Now, lets automate all that. The format for a Makefile rule is:

TARGET : PREREQS
   COMMANDS

All you have to do is add a rule for each output that you created with the process manually.

Here is a simple Makefile that I am using to create my document. The rules work in reverse order from the way I listed them in this post. I've added a rule for each step that I listed for creating my document and index. Don't forget to name it "Makefile"

mybook.pdf : mybook.dvi
   dvipdf mybook
mybook.dvi : mybook.ind
   latex mybook
mybook.ind : mybook.idx
   makeindex mybook
mybook.idx : *.tex
   latex mybook

Once your Makefile is saved, all you have to do is run "make". Of course, you might have figures or other resources that need to be included in your prerequisites for your sources, but the general idea ought to be the same for most projects. If you have questions or comments, feel free to leave them here.


[1] http://web.image.ufl.edu/help/latex/latex_indexes.shtml

Managing Gmail Identities with Apple Mail 3.0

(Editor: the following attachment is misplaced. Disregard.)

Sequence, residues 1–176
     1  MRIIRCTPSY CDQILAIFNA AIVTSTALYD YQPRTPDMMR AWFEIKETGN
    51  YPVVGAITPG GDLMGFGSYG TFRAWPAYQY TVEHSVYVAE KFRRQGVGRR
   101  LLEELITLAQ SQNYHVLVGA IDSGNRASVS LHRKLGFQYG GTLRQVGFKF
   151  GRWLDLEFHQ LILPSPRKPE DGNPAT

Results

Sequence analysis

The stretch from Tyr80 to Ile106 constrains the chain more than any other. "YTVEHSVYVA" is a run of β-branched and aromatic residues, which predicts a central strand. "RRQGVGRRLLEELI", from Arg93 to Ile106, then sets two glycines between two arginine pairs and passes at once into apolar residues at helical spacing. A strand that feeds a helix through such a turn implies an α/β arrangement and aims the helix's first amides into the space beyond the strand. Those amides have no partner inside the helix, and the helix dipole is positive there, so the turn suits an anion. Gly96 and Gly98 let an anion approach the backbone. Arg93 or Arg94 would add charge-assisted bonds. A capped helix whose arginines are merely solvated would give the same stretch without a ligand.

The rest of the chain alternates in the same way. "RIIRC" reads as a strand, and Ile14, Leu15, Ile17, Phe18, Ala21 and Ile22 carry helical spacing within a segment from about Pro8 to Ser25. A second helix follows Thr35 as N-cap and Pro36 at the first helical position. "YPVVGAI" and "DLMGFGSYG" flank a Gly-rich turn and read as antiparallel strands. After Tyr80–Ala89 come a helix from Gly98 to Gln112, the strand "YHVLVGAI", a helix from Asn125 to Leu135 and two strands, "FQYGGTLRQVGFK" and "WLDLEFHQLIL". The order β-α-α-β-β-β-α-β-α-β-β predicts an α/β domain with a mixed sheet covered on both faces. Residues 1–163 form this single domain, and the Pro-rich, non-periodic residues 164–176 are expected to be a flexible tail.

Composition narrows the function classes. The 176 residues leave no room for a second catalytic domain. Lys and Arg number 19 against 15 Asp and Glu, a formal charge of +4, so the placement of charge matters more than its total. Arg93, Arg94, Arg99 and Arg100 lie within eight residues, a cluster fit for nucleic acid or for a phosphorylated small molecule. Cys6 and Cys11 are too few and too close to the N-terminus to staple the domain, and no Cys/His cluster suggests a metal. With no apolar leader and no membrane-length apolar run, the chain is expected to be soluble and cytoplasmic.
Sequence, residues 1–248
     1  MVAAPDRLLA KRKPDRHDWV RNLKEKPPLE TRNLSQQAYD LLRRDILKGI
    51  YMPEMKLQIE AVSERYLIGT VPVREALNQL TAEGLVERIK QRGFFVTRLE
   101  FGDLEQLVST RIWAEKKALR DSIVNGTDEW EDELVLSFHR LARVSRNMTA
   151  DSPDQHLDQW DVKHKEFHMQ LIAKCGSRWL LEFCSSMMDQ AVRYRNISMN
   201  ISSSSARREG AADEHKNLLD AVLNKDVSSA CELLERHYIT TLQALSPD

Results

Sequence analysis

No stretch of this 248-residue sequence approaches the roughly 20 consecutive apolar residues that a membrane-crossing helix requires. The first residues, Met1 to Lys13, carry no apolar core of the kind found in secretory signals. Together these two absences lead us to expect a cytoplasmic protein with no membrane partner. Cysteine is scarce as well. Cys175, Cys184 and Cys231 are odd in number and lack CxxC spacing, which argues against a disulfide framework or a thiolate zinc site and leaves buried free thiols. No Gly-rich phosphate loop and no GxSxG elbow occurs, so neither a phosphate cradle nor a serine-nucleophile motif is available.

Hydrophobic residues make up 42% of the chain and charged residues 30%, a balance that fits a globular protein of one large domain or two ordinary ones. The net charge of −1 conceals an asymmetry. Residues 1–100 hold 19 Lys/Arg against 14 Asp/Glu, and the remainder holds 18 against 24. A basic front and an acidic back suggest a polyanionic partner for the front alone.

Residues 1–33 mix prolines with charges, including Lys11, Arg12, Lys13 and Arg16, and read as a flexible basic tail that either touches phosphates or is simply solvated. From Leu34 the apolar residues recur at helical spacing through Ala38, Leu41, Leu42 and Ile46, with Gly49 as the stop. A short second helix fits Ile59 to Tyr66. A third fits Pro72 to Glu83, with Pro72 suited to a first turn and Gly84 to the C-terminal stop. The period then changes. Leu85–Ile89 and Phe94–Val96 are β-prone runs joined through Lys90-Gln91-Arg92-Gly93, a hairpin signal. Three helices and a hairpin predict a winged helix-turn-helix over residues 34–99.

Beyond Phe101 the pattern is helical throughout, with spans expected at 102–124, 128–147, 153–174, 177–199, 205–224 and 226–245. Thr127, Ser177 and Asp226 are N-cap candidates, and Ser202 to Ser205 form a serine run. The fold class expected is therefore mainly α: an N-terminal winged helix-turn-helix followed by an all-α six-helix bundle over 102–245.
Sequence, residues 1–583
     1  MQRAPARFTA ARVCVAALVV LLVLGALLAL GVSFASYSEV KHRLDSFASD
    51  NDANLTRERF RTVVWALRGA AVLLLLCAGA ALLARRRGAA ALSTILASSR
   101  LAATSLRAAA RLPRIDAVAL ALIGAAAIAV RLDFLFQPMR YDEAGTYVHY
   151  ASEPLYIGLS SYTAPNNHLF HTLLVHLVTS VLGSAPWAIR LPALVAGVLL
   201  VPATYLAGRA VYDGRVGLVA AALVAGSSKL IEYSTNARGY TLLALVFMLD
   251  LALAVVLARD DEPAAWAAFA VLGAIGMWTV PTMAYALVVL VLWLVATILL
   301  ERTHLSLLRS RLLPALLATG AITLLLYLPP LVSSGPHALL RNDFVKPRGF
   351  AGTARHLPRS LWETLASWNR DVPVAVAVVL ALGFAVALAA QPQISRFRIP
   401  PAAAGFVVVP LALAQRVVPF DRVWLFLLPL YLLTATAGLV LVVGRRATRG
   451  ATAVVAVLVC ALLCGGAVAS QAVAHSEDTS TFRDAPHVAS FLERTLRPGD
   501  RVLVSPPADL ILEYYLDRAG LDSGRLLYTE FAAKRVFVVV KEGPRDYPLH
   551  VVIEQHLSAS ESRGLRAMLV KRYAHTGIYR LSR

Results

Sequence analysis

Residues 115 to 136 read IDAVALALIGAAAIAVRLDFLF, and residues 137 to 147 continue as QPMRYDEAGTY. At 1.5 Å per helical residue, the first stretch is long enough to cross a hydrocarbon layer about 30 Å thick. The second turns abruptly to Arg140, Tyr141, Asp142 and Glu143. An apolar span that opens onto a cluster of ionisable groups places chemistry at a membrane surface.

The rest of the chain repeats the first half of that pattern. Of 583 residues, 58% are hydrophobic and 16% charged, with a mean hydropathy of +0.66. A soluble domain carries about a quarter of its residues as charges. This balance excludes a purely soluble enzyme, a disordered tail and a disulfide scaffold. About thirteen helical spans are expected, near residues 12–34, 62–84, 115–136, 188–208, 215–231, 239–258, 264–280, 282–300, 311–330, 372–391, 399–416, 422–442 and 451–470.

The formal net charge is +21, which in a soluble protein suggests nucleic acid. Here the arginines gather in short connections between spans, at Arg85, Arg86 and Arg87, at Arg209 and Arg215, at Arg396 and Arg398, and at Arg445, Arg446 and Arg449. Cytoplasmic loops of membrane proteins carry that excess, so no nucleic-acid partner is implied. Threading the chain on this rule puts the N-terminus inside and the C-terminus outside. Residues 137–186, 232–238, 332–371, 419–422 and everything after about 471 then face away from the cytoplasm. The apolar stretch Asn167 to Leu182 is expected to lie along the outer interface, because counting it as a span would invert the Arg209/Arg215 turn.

A commenter pointed out on my original post about Apple Mail and Gmail that you can manage multiple Gmail identities by separating each email address with a comma. Here are the steps:

  1. If you have already set up your Gmail identities on Gmail, you can go to the next step. You can't use an alternate address for an identity that you have not confirmed with Gmail. If you haven't added the identity in Gmail yet, you can click "Settings" from the links at the top of you Gmail account and then choose the "Accounts" tab. After you've confirmed the identity with Gmail, you can use it with Apple Mail.
  2. Open Mail preferences and select your Gmail account.
  3. The entry box that says "Email Address" could really be titled "Email Addresses". Simply enter all your Gmail identities, each separated by a comma, in this box.
  4. When composing a new message, you'll now have a drop down box for different email addresses.